On Wed, Nov 29, 2023 at 2:59 PM Brent Meeker <meekerbr...@gmail.com> wrote:

> On 11/29/2023 4:00 AM, John Clark wrote:
> On Tue, Nov 28, 2023 at 7:30 PM Brent Meeker <meekerbr...@gmail.com>
> wrote:
> *> MWI fans assert that it is superior because it doesn't assume the Born
>> rule, only the Schroedinger equation.  I wouldn't claim that the (modern)
>> version of Copenhagen is superior to MWI, I'm just unconvinced of the
>> converse.*
> A pretty convincing argument can be made that if the Many Worlds idea is
> true then the Born Rule must have the ability to predict the most probable
> outcome of any quantum experiment and as an added bonus, unlike its
> competitors, it can do so without adding any random elements. However I
> admit nobody has ever been able to prove that Many Worlds is the only
> possible explanation of why the Born Rule works, and we already know from
> experiments that it does. Put it this way, if Many Worlds is true then the
> Born Rule works, and if the Born Rule works (and we know that it does) then
> Many Worlds MIGHT be true. But that's still a hell of a lot better than any
> other quantum interpretation anybody has managed to come up with, at least
> so far. I'm not certain Many Worlds is correct, but I am certain its
> competitors are wrong, or so bad they're not even wrong.
> And as far as assumptions are concerned, every scientist, not just
> physicists, has no choice but to assume that probability must be a real
> number between zero and one, and all the probabilities must add up to
> exactly one for any given situation, because otherwise the very concept
> of probability would make no sense. And we know that taking the square root
> of the absolute value is the only way to get a number like that out of a
> complex function like Schrodinger's wave equation.  If Many Worlds is
> true, and If each version of Brent Meeker makes bets In accordance with the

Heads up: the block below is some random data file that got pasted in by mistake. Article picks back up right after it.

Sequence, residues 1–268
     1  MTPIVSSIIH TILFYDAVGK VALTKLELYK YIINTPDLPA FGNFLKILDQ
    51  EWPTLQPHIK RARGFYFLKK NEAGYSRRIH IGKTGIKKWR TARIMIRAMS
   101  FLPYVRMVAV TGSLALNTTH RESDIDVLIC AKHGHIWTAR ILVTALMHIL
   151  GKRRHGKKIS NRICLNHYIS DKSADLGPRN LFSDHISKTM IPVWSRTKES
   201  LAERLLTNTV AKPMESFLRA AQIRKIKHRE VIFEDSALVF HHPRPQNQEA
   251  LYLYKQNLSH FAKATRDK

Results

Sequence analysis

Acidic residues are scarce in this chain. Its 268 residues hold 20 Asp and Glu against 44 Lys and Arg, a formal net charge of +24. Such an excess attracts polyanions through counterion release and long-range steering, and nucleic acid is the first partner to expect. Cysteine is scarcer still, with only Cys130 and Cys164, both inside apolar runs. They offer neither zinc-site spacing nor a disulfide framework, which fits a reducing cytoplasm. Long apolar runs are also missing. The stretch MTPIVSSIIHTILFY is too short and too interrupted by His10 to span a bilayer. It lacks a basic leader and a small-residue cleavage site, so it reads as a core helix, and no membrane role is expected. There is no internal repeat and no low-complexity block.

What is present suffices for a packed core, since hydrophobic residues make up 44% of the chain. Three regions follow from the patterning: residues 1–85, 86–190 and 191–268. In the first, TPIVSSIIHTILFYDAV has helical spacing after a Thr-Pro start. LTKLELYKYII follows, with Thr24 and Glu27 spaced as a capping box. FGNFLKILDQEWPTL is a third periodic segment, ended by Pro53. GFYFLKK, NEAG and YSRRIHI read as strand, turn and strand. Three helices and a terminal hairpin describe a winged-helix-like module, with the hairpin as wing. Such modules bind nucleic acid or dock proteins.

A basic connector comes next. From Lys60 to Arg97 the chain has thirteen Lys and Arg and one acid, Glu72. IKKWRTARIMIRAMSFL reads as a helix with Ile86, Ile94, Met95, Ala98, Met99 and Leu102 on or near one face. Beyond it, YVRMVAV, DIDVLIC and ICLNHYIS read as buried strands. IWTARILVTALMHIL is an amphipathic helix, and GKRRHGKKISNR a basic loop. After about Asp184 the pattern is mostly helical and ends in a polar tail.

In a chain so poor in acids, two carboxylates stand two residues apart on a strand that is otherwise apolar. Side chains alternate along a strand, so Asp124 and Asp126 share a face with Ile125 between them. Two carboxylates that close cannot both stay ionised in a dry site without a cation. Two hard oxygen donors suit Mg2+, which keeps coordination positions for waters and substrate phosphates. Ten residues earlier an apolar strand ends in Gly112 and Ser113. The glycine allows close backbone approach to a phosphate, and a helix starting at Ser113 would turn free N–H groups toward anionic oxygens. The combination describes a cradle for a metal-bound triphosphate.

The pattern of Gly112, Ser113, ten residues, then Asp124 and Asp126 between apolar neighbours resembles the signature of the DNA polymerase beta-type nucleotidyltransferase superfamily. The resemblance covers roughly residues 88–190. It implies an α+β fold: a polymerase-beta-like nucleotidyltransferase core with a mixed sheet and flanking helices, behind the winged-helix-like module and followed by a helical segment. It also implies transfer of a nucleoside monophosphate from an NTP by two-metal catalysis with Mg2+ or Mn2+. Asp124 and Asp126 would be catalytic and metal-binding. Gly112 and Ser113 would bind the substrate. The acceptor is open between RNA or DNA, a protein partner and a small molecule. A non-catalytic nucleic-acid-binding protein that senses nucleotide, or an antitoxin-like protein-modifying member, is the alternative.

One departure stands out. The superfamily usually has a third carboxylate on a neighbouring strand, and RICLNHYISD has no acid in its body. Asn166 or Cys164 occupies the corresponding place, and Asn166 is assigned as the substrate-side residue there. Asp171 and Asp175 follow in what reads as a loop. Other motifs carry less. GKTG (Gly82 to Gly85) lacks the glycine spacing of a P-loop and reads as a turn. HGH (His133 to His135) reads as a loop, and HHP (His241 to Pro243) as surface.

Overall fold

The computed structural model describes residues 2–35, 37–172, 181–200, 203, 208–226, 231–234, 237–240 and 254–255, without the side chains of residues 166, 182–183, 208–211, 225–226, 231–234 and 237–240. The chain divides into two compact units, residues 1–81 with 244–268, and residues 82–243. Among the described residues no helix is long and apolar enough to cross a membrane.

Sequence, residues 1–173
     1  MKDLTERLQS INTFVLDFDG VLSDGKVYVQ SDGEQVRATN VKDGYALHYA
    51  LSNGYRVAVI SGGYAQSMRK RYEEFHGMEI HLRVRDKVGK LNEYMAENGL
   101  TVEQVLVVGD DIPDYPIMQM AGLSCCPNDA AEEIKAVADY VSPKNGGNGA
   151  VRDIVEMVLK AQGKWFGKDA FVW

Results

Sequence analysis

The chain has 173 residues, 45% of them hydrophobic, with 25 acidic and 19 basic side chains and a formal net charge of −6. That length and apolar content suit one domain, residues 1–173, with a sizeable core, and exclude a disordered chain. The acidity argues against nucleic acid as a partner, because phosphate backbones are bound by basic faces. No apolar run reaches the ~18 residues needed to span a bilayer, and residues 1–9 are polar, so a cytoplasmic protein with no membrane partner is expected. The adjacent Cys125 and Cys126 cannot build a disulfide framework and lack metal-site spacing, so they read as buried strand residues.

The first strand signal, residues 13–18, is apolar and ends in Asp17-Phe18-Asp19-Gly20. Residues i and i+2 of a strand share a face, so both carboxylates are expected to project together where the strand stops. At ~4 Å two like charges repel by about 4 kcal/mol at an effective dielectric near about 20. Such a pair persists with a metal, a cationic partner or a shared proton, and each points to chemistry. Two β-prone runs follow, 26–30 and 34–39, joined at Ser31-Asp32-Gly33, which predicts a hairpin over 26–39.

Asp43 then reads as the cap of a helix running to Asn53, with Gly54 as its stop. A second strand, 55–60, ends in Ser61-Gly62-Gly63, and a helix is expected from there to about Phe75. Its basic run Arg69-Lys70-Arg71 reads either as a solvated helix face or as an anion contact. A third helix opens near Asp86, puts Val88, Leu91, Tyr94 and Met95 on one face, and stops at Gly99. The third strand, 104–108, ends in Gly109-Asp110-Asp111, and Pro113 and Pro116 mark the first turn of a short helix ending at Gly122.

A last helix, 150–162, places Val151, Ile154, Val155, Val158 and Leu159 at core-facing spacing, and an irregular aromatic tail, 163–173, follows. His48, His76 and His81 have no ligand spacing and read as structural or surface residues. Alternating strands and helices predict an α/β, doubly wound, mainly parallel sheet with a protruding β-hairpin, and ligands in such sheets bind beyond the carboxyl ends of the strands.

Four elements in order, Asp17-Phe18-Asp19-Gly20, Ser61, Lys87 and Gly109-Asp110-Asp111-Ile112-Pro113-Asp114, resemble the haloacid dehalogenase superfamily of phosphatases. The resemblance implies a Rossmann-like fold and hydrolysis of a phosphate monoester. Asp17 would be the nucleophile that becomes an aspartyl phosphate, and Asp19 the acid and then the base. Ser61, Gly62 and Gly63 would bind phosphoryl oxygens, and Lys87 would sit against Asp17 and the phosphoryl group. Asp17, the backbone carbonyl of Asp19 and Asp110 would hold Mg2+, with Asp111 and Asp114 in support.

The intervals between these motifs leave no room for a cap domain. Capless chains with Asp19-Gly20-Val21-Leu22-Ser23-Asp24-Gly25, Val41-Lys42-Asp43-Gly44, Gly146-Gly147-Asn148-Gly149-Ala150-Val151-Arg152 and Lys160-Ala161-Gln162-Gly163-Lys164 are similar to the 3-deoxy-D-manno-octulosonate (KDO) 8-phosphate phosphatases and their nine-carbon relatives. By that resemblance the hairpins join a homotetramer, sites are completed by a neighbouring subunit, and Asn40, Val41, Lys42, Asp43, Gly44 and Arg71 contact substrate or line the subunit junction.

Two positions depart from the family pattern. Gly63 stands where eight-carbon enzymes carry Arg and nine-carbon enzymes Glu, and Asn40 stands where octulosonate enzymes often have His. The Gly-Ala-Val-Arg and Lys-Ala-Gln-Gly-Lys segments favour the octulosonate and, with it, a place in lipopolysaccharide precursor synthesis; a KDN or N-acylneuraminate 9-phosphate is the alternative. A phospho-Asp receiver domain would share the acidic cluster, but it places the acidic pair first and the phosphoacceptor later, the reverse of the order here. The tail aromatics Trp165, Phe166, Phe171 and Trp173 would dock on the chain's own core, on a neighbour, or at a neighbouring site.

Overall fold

> laws of probability so derived, then more Brent Meekers will make money
> by following the advice given by the Born Rule than if they followed any
> other betting strategy. Yes some Brent Meekers will still go broke even
> if they follow the Born Rule, but most will not.
> Yes, I knew all that.  But does it follow from the Schroedinger equation
> alone.  Reading the Carroll/Sebens paper is suggestive, but it depends on
> transforming to a basis that makes the number of components match the Born
> rule.  But it seems to me that one could transform to basis where the
> number of components did not match the Born rule.  Their example is chosen
> so that in the transformed basis each component has amplitude 1 ,  but
> that's just scaling.  They even start with eqn (33) which is not
> normalized.  So it shows how to convert a weighted superposition into a
> branch count.  But it appears to me that it could produce any number of
> branches.  The example is chosen to neatly produce all branches of
> amplitude 1, but that cannot be significant since eqn(35) is not
> normalized.  So the number of branches is not actually determined and could
> be anything.

I found this interesting, on comparing whether all bases are really on
equal footing or not:



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